It’s a delectable thesis: That if we would only
put as much imagination into the delights of sharing food as we do in killing
one another, the world would be a much happier place. That’s the underlying
theme of reporter Anna Badkhen’s Peace Meals, the only book of war memoirs
I’ve ever seen that contains recipes for baba ghanouj and boiled lobster.
“In the blighted places where I work,” writes Badkhen, an
award-winning war correspondent, “food is the closest thing to normalcy.” She
finds succulent scarlet tomatoes in Iraq, garlic eggplant in Kashmir, and fatoush
salad in the Gaza Strip, and she spends her
evenings sharing the local food—mostly vegetables—with the people she writes
about, building friendships and breaking down barriers.
Presumably, this happened while less culturally-attuned
correspondents—mostly men—fled to their hotel rooms at the end
of a stressful day, and dulled themselves with booze and protein so they could
steal a few hours of untroubled sleep before the next round of calamity
Food is much more than nourishment, Badkhen says. It’s also
comfort, and it reminds us what we have in common as human beings. How can one
possibly feel bellicose about someone who has just served you kaddo bowrani, Afghan pumpkin with yogurt sauce?
It’s in the stomach, and in all those social rituals that
accompany the filling of the stomach, that the differences among us are
diminished. We ARE the sum total of our appetites, after all. Physical and spiritual.
“Over food, you talk to your hosts and fellow diners about
their lives and tell them about yours, and after all the horrors of the day,
such simple conversations make everyday life worth living.” This can happen
over a fried egg, or over an entire roast lamb in an African village: the menu
is not as important as the human interaction, the unspoken grammar of shared
Ah, but if it were only so easy. Once, while touring the
on-again, off-again conflict zone of southern Sudan with a hired Egyptian TV
crew, I decided to ask for a bed at the home of a wealthy Arab merchant in the
village where we were filming. Not only did the merchant offer us sleeping
quarters, he also ordered his wives to prepare us a lavish meal under the
stars. When my crew saw the table laden with unfamiliar local dishes, they whispered
to me: “We can’t eat this. We don’t know what Sudanese food is.” So over my
objections, they slunk off to their tent and opened cans of tuna for supper,
while I apologized to my offended host. I ate everything on offer, but the meal
was not a success.
On assignment in Baghdad, while Saddam Hussein was still in
power, I remember stepping into a restaurant along the Tigris and watching men
beat giant river carp to death with sticks on a cement floor, before roasting
them over a wood fire. There was little cultural bonding there for me; the fish
blood on the floor killed my appetite. I drove back to the hotel and had an
Badkhen, on the other hand, is nothing if not adventuresome.
A Russian by birth, she’ll eat anything that looks interesting, and she’ll
flatter her hosts by copying the recipe. Apart from being a great learning
tool, it’s part of her native survival mechanism. “We . . . did what
generations of Russians, betrayed by their government over and over, have done
to heal,” she writes. “We ate.”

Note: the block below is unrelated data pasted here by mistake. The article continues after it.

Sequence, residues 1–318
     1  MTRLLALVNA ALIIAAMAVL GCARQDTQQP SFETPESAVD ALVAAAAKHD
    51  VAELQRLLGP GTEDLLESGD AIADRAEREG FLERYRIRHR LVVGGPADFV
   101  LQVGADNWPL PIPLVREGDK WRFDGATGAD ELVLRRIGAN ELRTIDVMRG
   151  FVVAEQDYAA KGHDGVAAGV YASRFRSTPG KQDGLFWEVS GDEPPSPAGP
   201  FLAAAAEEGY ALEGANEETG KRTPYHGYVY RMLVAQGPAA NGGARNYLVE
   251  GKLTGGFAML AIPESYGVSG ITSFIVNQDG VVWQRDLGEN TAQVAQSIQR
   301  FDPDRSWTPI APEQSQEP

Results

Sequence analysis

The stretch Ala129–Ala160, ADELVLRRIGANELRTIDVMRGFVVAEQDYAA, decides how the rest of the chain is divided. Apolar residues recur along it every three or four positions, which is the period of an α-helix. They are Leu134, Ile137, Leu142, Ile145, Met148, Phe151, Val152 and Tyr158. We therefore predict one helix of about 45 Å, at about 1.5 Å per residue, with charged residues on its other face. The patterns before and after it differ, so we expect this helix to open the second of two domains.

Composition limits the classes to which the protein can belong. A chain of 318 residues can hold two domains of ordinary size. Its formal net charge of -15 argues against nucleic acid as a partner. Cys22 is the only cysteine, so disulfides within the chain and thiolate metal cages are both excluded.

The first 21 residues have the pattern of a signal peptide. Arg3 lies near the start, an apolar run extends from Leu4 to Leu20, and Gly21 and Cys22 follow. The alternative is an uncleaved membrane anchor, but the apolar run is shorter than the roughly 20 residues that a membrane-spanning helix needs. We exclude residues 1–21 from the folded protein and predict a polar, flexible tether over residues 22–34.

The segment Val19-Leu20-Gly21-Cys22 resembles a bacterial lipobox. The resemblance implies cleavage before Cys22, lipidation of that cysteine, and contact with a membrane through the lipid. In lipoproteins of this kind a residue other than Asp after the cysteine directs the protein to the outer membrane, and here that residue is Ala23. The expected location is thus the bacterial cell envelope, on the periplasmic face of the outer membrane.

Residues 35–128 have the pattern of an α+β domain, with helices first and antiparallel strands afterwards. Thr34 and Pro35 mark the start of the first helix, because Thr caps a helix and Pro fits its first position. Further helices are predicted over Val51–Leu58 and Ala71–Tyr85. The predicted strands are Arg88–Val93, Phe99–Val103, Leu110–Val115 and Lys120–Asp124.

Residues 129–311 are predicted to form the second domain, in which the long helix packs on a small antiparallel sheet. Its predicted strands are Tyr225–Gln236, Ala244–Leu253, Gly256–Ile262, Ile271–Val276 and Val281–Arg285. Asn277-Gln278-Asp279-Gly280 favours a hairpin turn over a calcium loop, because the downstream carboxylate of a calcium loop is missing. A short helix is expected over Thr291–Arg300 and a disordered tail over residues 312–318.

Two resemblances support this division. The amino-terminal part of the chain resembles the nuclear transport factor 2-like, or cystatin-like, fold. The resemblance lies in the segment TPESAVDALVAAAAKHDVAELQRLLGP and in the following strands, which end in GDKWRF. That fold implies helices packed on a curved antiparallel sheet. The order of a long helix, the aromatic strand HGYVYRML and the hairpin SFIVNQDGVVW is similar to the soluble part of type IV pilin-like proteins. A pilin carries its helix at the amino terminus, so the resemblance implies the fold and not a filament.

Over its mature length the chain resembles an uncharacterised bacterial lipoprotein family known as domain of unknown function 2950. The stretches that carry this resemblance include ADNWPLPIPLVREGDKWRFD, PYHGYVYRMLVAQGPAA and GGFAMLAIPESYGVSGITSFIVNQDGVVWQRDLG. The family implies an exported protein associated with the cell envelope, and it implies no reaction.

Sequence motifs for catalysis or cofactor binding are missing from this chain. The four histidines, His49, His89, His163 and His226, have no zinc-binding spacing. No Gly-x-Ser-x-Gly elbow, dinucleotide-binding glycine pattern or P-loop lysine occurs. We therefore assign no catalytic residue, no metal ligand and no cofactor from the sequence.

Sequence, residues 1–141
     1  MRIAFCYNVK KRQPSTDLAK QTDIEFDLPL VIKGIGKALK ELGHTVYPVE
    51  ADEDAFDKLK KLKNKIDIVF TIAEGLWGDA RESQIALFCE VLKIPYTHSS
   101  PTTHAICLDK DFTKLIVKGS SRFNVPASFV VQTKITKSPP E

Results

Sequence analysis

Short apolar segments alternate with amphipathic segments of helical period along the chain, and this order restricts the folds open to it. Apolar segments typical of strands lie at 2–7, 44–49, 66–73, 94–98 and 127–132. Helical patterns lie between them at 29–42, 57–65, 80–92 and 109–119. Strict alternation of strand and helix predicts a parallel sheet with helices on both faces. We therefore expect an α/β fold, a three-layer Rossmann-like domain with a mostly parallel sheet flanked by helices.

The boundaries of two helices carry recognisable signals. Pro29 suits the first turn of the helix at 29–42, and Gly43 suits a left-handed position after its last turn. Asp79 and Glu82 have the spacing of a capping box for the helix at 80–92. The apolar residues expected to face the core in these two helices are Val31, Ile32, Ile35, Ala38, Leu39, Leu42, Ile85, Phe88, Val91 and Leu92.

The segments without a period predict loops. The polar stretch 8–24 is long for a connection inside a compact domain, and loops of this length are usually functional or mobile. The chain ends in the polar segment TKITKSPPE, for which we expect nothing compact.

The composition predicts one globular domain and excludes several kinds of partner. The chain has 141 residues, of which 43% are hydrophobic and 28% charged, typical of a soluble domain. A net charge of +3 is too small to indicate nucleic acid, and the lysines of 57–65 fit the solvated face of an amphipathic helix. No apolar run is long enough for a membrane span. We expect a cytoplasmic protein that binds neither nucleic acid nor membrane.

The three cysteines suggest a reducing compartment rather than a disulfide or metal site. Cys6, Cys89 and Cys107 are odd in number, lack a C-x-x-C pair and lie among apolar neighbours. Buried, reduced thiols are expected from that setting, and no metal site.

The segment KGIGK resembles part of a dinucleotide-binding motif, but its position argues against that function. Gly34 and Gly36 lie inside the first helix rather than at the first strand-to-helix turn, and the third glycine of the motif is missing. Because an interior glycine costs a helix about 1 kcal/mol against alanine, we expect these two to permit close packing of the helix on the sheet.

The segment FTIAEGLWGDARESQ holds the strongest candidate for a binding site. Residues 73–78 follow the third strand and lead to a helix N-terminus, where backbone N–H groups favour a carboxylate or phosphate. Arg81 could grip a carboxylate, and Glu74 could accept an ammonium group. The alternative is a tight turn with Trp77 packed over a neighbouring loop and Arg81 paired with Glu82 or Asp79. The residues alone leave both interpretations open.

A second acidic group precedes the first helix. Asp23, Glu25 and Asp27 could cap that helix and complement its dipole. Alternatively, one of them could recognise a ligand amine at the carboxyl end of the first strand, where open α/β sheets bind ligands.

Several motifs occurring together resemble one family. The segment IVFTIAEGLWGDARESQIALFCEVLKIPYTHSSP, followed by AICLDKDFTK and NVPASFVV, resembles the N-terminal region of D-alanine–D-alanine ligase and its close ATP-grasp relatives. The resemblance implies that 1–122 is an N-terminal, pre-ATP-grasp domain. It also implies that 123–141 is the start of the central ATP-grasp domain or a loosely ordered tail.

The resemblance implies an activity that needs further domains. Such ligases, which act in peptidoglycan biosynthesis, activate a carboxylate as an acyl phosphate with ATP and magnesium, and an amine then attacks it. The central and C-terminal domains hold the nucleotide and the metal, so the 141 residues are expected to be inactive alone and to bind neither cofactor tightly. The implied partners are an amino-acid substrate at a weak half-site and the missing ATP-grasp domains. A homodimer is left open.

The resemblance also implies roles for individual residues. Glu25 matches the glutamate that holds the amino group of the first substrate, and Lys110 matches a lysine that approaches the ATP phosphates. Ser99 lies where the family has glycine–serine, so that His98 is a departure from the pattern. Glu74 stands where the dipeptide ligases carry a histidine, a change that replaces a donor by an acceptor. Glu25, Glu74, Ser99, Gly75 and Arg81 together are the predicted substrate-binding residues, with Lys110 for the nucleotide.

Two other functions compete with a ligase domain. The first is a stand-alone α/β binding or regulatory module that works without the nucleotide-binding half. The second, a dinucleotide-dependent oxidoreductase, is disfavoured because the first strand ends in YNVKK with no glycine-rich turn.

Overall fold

Badkhen writes with vividness and passion, whether it’s
about something as trivial as a turnip salad in Afghanistan or, as awful as a
terrorist martyrdom in Israel. The problem comes when they appear on the same
page. Much of the pleasure we might draw from the prospect of preparing and eating mezze in a Gaza market disappears when we read about Ahmat Salmi, a
15-year-old Palestinian boy who hung several grenades from his belt, hooked
them up to a push-button detonator, and set off to kill some Israeli Jews.
Ahmat was killed by soldiers before he reached his destination. “He never got
to kill anyone, not even himself,” Badkhen writes trenchantly. At that point, I
skipped over the next few pages of recipes.
This is not to suggest that Badkhen is in any way
insensitive to the misery and deprivation around her. Her book is much more
than a gourmand’s tour of grim landscapes. She appreciates the moral
incongruity of the well-fed, well-equipped Western reporter arriving in a
famine zone, staying only long enough to take notes and a few pictures before
racing away in an air-conditioned four-wheel-drive. As she describes herself:
“A transient witness only there long enough to document pain and privation; a
professional intruder, mostly safe from the devastation I arrived to write
Yet it’s a job she has to do. And she argues, with great
conviction, that part of that job is to immerse oneself as deeply, and as
intimately, into the environment one is writing about. That immersion will
probably include sitting across a rough table from people and consuming
something exotic and new, and sharing the enjoyment of it. Badkhen writes that
one of the disadvantages of being an “embed” with the military is that the
embedded reporter doesn’t have the freedom to share food with the locals;
instead, she’s forced to consume the military diet of defrosted buffalo wings, corn dogs and
Baskin-Robbins ice cream shipped 10,000 km in refrigerated containers.
However, if you are going to be a ”professional intruder,”
Badkhen concludes, you can at least do it with some grace and openness. “In
extremity, an offer to break bread is more than an invitation to hear someone’s
story. It’s a chance to link that person’s life and yours.”
Not a bad modus operandi
for a journalist trying to better understand the world.